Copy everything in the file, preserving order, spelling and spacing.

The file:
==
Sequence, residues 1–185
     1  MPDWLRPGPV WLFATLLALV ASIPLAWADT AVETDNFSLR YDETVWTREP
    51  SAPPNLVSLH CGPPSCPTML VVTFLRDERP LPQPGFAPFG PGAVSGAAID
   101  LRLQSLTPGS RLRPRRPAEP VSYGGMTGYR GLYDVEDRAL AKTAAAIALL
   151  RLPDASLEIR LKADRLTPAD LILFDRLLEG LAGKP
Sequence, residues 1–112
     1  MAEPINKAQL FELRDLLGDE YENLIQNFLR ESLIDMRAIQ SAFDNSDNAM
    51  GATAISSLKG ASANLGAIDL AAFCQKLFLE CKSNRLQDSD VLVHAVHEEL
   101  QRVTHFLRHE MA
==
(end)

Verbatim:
Sequence, residues 1–185
     1  MPDWLRPGPV WLFATLLALV ASIPLAWADT AVETDNFSLR YDETVWTREP
    51  SAPPNLVSLH CGPPSCPTML VVTFLRDERP LPQPGFAPFG PGAVSGAAID
   101  LRLQSLTPGS RLRPRRPAEP VSYGGMTGYR GLYDVEDRAL AKTAAAIALL
   151  RLPDASLEIR LKADRLTPAD LILFDRLLEG LAGKP
Sequence, residues 1–112
     1  MAEPINKAQL FELRDLLGDE YENLIQNFLR ESLIDMRAIQ SAFDNSDNAM
    51  GATAISSLKG ASANLGAIDL AAFCQKLFLE CKSNRLQDSD VLVHAVHEEL
   101  QRVTHFLRHE MA